Transfers to Yemen draw fire

WASHINGTON — Some Democratic lawmakers who support closing the prison at Guantanamo Bay, Cuba, say the U.S. should reconsider whether to repatriate suspected terrorists from Yemen.

President Obama's top counterterrorism adviser, John Brennan, said Sunday the transfers will continue if the administration deems them warranted.

Six Yemenis returned last month were released after the government there determined they were not a threat, officials in Yemen told the Associated Press.

Obama has said an al-Qaida group operating in Yemen apparently was behind the plot to bring down a U.S.-bound airliner on Christmas Day.

Although Republicans have criticized the transfers to Yemen, some Democrats, including Senate Intelligence Committee Chairman Dianne Feinstein of California, also have urged a halt.

Rep. Jane Harman of California, a member of the Homeland Security Committee, said Sunday that officials should review the transfers. She support plans to close the prison and open one in Illinois for terrorism suspects.

"I think it is a bad time to send the 90 or so Yemenis back to Yemen," Harman said.

Sen. Joe Lieberman, a Connecticut independent who has opposed closing Guantanamo, said transferring any of the Yemeni detainees back home would be irresponsible.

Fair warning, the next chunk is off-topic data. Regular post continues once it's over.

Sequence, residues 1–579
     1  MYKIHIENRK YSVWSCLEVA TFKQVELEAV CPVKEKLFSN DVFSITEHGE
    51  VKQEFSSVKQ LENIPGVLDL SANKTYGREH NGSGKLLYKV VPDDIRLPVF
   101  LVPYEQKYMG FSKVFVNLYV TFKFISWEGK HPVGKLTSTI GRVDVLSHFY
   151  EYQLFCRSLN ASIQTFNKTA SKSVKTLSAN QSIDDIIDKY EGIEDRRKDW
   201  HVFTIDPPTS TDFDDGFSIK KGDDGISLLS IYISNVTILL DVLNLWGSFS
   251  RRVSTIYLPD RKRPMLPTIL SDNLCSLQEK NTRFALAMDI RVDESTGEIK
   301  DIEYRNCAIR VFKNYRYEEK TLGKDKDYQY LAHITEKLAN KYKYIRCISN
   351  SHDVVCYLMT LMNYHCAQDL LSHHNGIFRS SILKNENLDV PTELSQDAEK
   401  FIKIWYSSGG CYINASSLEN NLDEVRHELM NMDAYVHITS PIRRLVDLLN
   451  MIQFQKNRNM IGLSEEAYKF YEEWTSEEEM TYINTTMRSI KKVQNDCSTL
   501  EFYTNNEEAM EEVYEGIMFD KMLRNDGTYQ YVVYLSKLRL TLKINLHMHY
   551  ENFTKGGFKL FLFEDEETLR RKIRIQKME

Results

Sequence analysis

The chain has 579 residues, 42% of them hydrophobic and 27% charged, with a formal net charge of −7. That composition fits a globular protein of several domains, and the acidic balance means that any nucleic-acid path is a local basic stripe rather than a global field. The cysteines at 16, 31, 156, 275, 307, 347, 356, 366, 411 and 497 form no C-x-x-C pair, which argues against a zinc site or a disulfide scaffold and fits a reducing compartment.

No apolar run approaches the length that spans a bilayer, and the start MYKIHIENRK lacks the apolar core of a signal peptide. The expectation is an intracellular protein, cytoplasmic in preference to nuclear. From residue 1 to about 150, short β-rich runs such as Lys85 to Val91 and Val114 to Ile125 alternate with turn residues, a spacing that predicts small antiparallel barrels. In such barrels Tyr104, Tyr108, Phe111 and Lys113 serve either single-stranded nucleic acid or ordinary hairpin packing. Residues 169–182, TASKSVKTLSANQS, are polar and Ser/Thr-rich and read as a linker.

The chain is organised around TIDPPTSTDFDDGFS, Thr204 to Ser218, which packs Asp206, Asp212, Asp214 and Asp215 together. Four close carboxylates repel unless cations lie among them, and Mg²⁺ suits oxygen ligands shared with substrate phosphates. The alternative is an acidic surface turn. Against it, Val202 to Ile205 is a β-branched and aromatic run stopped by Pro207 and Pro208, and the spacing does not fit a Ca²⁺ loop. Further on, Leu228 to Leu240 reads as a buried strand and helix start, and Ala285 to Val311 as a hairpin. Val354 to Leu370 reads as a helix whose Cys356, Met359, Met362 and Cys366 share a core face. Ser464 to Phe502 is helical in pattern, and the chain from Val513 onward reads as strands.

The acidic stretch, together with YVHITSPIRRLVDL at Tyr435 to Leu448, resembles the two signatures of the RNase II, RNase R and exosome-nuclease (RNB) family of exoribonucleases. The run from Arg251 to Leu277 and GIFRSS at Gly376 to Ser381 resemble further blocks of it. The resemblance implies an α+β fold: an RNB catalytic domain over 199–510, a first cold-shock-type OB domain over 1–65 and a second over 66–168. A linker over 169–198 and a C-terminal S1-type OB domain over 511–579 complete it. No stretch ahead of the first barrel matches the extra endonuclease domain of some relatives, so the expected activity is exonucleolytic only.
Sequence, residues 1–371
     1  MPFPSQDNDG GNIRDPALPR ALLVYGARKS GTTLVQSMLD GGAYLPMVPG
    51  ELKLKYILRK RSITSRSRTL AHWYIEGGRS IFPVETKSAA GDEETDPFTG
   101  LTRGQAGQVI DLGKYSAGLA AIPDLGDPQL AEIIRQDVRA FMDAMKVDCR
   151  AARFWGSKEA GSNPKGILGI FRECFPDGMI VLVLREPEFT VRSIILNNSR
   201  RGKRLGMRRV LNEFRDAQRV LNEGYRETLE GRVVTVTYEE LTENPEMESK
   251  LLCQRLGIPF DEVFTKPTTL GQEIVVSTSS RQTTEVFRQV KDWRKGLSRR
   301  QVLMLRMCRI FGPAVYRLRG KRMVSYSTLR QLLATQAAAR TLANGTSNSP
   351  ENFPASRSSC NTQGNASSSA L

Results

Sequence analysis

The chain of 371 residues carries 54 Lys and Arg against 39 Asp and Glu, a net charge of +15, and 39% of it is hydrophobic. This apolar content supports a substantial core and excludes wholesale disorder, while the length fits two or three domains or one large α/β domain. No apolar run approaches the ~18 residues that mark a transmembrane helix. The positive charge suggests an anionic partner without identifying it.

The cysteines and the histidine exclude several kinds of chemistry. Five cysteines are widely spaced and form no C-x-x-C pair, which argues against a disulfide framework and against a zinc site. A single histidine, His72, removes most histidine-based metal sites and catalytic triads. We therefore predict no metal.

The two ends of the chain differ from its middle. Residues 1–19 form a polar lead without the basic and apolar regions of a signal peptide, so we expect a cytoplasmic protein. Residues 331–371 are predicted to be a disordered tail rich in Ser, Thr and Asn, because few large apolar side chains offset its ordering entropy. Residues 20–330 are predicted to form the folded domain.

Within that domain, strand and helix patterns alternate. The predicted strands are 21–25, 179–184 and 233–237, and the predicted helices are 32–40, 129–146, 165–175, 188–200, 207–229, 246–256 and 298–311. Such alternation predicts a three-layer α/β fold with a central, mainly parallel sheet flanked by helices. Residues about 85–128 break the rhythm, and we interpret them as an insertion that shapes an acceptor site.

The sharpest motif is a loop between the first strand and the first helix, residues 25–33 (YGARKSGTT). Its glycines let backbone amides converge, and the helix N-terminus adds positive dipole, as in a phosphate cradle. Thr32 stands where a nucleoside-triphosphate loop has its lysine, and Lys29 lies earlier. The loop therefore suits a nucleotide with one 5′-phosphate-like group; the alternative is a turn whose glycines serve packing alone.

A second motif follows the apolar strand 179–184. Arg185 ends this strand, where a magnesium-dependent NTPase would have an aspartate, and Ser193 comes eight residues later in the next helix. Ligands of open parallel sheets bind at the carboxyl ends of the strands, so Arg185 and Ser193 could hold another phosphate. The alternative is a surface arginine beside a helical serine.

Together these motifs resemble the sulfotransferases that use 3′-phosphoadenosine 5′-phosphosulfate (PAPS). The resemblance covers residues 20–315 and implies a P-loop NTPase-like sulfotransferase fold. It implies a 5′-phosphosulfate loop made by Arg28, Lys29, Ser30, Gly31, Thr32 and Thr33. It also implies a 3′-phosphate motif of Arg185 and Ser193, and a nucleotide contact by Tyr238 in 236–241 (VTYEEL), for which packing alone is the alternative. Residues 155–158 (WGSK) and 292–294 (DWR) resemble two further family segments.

"We know from past experience that some of them will be back in the fight against us," Lieberman said.

U.S. officials believe two Saudis released from Guantanamo, one in 2006 and the other in 2007, may have played significant roles in al-Qaida activities in Yemen.

An estimated 90 Yemenis are being held at Guantanamo Bay and about half are set to be sent to Yemen. Those who remain in U.S. custody will be prosecuted in criminal or military courts, Brennan said.

"Some of these individuals are going to be transferred back to Yemen at the right time and the right pace and in the right way," Brennan said. "We're making sure that the situation on the ground is taken into account, that we continue to work with the Yemeni government, and we do this in a very commonsense fashion because we want to make sure that we are able to close Guantanamo."